Managing Severe Morning Sickness

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In most cases, morning sickness symptoms clear up on their own. But in some rare, severe cases, you may want to talk with your doctor about medical treatment.

Many expectant mothers experience morning sickness—spells of nausea and vomiting—during the first trimester of pregnancy. Some even have it throughout their entire pregnancy. Morning sickness is a normal part of pregnancy that in most cases does not warrant concern. However, about 1 percent of women experience severe morning sickness, which can lead to unhealthy weight loss and dehydration. In these cases, if morning sickness goes untreated, it can have considerably negative effects on the mother’s and child’s health.

Cause for Pause

It’s important to contact your doctor as soon as possible if you experience any of the following severe symptoms:

  • Confusion
  • Decreased output of urine
  • Dizziness or fainting
  • Excessive fatigue
  • Frequent headaches
  • Loss of 5 percent or more of pre-pregnancy weight
  • Nausea so severe that you can’t eat or drink
  • Severe nausea and vomiting that persist beyond the 16th week of pregnancy
  • Vomiting three or more times a day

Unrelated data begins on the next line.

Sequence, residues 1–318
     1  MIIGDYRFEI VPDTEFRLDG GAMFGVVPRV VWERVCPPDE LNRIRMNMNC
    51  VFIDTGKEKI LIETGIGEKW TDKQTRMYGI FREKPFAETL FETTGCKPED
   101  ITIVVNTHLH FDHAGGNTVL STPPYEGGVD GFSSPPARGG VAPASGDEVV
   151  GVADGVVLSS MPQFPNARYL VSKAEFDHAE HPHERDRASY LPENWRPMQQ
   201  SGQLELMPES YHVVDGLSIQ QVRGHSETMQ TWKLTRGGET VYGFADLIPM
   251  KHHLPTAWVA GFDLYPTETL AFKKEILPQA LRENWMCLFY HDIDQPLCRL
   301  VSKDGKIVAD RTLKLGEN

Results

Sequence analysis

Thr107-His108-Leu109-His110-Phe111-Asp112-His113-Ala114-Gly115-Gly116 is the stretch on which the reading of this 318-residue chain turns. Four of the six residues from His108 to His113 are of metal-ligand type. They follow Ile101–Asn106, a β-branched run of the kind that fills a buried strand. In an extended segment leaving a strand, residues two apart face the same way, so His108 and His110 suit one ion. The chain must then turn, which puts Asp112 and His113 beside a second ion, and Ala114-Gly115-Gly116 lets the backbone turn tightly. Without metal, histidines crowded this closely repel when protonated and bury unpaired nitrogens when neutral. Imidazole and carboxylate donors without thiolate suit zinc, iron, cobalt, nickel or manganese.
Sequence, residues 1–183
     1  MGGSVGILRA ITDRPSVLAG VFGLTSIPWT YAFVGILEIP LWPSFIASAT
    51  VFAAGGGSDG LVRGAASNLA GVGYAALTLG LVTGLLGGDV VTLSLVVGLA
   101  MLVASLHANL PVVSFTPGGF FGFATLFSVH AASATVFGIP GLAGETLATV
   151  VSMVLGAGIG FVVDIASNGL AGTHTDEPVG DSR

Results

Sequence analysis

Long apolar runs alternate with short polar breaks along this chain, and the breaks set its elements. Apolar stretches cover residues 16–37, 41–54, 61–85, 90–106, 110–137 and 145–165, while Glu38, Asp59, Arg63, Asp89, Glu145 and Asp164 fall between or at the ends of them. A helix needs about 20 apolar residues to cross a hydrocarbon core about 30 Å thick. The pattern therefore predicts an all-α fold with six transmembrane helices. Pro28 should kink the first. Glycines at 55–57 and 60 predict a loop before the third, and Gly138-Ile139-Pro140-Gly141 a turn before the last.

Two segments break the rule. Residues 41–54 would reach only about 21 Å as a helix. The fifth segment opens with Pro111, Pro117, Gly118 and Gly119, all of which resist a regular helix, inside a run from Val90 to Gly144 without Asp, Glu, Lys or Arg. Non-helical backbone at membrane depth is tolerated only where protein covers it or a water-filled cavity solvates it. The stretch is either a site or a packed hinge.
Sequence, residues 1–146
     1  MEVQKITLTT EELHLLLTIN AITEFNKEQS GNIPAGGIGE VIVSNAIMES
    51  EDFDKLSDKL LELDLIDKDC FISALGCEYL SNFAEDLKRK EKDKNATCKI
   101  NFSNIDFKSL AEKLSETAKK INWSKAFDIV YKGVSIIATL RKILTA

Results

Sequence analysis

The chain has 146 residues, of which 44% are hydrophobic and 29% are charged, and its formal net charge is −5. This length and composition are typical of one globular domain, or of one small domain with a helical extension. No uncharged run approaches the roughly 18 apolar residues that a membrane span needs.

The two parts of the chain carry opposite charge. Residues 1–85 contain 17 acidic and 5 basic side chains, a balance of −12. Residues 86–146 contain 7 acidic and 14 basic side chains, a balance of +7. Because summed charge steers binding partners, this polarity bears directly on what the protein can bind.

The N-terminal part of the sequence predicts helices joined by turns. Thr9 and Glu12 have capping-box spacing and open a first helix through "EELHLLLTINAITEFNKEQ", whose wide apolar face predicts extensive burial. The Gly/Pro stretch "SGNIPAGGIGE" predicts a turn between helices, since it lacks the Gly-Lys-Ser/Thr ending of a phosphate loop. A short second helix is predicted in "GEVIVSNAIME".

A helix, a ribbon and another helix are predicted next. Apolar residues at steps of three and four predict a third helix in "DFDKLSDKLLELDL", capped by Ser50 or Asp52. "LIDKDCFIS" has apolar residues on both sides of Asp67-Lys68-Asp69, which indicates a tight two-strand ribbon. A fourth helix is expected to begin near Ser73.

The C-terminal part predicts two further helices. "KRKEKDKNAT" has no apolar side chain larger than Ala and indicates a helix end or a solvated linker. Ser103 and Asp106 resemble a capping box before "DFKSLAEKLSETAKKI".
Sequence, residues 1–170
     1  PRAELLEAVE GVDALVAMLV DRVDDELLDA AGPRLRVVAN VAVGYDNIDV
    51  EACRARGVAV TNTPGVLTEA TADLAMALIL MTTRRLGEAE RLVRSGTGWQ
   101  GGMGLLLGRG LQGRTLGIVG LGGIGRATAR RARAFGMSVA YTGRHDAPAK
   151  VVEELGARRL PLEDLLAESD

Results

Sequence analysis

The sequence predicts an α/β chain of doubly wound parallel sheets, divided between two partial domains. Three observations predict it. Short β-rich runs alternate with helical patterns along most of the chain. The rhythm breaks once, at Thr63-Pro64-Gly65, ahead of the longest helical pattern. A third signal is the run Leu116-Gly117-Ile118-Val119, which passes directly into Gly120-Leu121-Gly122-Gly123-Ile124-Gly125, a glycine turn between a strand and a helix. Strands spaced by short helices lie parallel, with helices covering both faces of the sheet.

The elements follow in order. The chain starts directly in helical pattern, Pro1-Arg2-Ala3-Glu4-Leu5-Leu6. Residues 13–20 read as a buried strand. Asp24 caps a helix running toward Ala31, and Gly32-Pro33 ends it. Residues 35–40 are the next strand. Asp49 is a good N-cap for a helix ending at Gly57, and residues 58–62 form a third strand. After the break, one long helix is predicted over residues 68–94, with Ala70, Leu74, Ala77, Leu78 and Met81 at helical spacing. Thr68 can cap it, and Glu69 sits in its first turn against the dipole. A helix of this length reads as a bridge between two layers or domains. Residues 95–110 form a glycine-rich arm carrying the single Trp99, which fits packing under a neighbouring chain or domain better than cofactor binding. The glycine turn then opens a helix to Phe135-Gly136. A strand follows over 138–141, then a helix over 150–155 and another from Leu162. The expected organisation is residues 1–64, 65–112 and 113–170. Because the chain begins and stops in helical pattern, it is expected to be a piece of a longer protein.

Knocking Out Nausea and Vomiting

Your doctor may suggest any or a combination of the following treatments to help relieve severe morning sickness:

  • Anti-nausea medication—such as a combination of two U.S. Food and Drug Administration-approved medications, doxylamine and pyridoxine
  • Intravenous fluids to restore your hydration level
  • Intravenous medication to curb vomiting
  • Tube feeding
  • Vitamin and nutritional supplements—such as antihistamines, ginger, peppermint or vitamin B-6

Dietary changes may also help relieve your symptoms. Consider:

  • Avoiding foods, drinks and other things strong in odor or taste
  • Consuming small meals throughout the day
  • Drinking plenty of fluids to maintain hydration
  • Eating a bland diet
  • Keeping away from spicy or fatty foods
  • Nibbling on snacks that are high in protein

With time and proper treatment, even the severest cases of morning sickness will become better—if not go away completely.

McKenzie-Willamette Birthing Center offers a variety of services for expecting parents and postpartum support. Call (541) 741-4649 for more information or visit McKWeb.com.

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